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Track(s) taken from CDJ33008

Die Perle, D466

First line:
Es ging ein Mann zur Frühlingszeit
August 1816; first published in 1872
author of text

Sarah Walker (mezzo-soprano), Graham Johnson (piano)
Recording details: May 1989
Rosslyn Hill Unitarian Chapel, Hampstead, London, United Kingdom
Produced by Mark Brown
Engineered by Antony Howell
Release date: December 1990
Total duration: 2 minutes 25 seconds


'Walker, in probing, glowing form throughout, closes this long and profoundly satisfying recital with a hair-raising account of Erlkönig' (The Daily Telegraph)

'This is distinguished singing indeed … Graham Johnson's unimpeachable choice of mood and the impeccable musicality and technique of his creative role at the piano is the linchpin of this great project' (CDReview)
It is possible that if this sequence of songs was in fact conceived as a set, there are four rather than five in the 'cycle'. The key sequence of A flat-E flat-C minor-back to A fíat, complete in itself, suggests this. The last song Die Perle is in the distant key of D minor, and it has a toughness and bitterness, redolent of Schiller's Der Pilgrim (Volume 1), and a more romantic 'Sehnsucht' which suggests that the boundaries of the pastoral frame have been shattered. On the other hand, it could relate all too well to the mini-tragedy of the first four songs as a type of worldly commentary, and it could be meant to be sung in front of the curtain, as it were, as a type of summing-up and warning. In this key we hear a faint pre-glimmer of Gute Nacht in Winterreise; there is the same determined stride in words and music.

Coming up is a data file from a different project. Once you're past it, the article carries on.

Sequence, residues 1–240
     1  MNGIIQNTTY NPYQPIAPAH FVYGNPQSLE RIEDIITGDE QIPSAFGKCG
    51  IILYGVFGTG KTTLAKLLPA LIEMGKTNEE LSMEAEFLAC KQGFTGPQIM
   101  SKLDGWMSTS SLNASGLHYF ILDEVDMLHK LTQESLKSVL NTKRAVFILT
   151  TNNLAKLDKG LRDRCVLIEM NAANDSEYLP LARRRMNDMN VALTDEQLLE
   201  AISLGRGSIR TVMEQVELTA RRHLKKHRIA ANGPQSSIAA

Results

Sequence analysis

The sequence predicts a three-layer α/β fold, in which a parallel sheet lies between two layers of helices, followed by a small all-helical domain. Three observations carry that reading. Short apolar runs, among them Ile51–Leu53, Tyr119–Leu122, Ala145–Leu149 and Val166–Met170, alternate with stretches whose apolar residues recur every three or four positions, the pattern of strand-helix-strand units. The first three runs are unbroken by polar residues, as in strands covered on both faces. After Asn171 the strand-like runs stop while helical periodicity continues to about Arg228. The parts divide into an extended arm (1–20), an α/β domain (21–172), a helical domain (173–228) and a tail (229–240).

Johann Georg Jacobi was the eider brother of the rather more famous philosopher Friedrich Heinrich Jacobi, the disciple of Spinoza and the opponent of Kant. Johann Georg was born in Düsseldorf, and by the age of 26 was a professor at Halle University; he later taught at Freiburg. Much influenced by the classics, particularly the odes of Anacreon, he published his Die Winterreise in 1769, and Die Sommerreise in 1770. Ferhaps Wilhelm Müller had heard of these when he came to write what was to be his Schubertian cycle. Jacobi was known as the editor of the periodical Iris in which Goethe, with whom he was acquainted, published a number of poems. The Jacobi poems were only published posthumously, in Vienna at least, in 1816. It is probable that they were bought by one of Schubert's friends with literary interests who showed them to the composer who, in turn, set them hot off the press.

from notes by Graham Johnson © 1990

Other albums featuring this work

Schubert: The Complete Songs
CDS44201/4040CDs Boxed set + book (at a special price)
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